Your online resume could definitely benefit from the presence of such information. If there is none, then be sure to exclude the section altogether. Don’t leave a blank space or fill it with irrelevant data. The point is not to brag, but to impress, and we impress with relevant facts.
Next on the list are skills. We already tackled this segment when we mentioned the distinction between hard and soft skills. Adding on that, try to figure out the most relevant hard skills for the job you’re applying for, and then add some soft skills that compliment them.
If you’re applying for a graphic design position, then Adobe Photoshop or Corel Draw are imperative to mention. If you’re more on the creative side, add Creativity alongside them, and you have a more complete recipe. Your skills will eventually be put to the test. Still, until then, the recruiter will get a chance to see how you evaluate yourself. By adding a skills section, you build a more complete and relevant picture.
Contests, publications, mentions, or any of the sort, if any, will go right after the Skills section. As you probably noticed by now, we are going down the relevancy spiral. Sure, publications are important, but mainly for you, not your employer. Experience and formal education and training can substitute a publication. The other way around, not so much.
As the title suggests, this section is optional. It’s more like an accompanying note than a necessity, but anyway, it can make for a nice touch.
Hobbies can help recruiters see how you would integrate with the team if the job is project-based. Or it could help them know how you translate some of your skills or abilities into side projects. Whatever the reason, if you are to include hobbies, be sure to leave this section last, as an addition to an already complete resume.
Note: You can juggle between the placement of sections, remembering to highlight the fundamental ones first. These are:
- Work history
- Educational background
They are the quantifiable ones, so they should always go first.
Different types of online resumes
Now that we’ve outlined some general principles and a basic structure, let’s take a look and see how this can be applied depending on the profession.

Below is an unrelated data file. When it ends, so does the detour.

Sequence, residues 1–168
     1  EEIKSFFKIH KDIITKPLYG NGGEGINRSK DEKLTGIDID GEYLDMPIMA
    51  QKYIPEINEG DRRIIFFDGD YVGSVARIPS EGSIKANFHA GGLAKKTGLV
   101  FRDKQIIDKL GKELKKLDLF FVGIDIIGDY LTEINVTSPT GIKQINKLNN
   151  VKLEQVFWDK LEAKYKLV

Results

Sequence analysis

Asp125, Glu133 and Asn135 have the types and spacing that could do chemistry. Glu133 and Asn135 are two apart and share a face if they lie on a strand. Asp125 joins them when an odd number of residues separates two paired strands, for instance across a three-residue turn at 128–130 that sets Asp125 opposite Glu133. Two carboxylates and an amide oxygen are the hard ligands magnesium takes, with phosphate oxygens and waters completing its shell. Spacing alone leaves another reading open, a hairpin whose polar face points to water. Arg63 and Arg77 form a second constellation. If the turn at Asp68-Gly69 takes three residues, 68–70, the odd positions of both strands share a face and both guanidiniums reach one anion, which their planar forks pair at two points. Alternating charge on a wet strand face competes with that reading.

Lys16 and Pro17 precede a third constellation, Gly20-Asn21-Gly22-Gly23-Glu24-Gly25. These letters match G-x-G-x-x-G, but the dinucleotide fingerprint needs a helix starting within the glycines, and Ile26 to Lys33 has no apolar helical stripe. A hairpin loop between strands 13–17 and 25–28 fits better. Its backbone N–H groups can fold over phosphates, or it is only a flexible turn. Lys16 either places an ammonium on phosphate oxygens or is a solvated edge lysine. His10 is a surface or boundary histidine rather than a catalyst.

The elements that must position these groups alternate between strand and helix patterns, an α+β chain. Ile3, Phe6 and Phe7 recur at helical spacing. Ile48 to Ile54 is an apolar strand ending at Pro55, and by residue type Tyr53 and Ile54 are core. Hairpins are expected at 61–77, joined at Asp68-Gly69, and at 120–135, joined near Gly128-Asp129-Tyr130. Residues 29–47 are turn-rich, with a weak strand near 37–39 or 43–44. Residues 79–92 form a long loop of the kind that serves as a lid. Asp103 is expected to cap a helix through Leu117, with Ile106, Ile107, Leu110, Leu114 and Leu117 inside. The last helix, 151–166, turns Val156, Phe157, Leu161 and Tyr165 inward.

A real estate agent’s resume will look different than a graphic designer’s resume. It makes complete sense. The jobs are focused around different requirements. That being said, we picked some general professions and will walk you through the appropriate resume templates for each and every one of them. Without further ado, our first pick is the most common one.
This may just be the more straightforward one out of the bunch. Professional can mean a whole lot of things, but in this case, we’ll refer to that type of resume, which speaks of clarity and consistency. Don’t get me wrong, all resumes should be like this! But with this
professional manager resume template, you get a more stripped-down version of design, focusing on simplicity.
This template is just one example of how a professional resume could look like. Regardless of the template you choose, just remember to:
- Add your contact information and personal details
- List your education background
- List your work experience and certifications
- Add in the relevant skills that the job description
- Add all other information that you deem relevant, but remember to stay concise
This type of online resume template is perfect for most industries. Business, architecture, legal attorneys, for any job that requires a suit, this resume template can be an ideal fit.
Real Estate resume
You realtors have an active job. Always on the lookout for prospects and customers. As such, the first thing to consider when making your online resume is to employ as many active verbs as possible. The terminology you use is vital as you infuse your resume with a dynamic inherent to your job description.
Tip 1: Add active verbs like: negotiate, sell, promote, prospect, evaluate, seal, close, etc.
Apart from this, when possible, try to quantify your experience as much as possible. Show numbers, percentages, everything that has a numerical value, and can highlight your successes in the industry.
Tip 2: This simple realtor resume template is crisp, clean, and professional. Under the Additional skills section, make sure to list some of your most important hard or soft skills. You know better than us that your profession requires you to employ a wide range of skills. Mention them, let recruiters know.
About section, starting point example: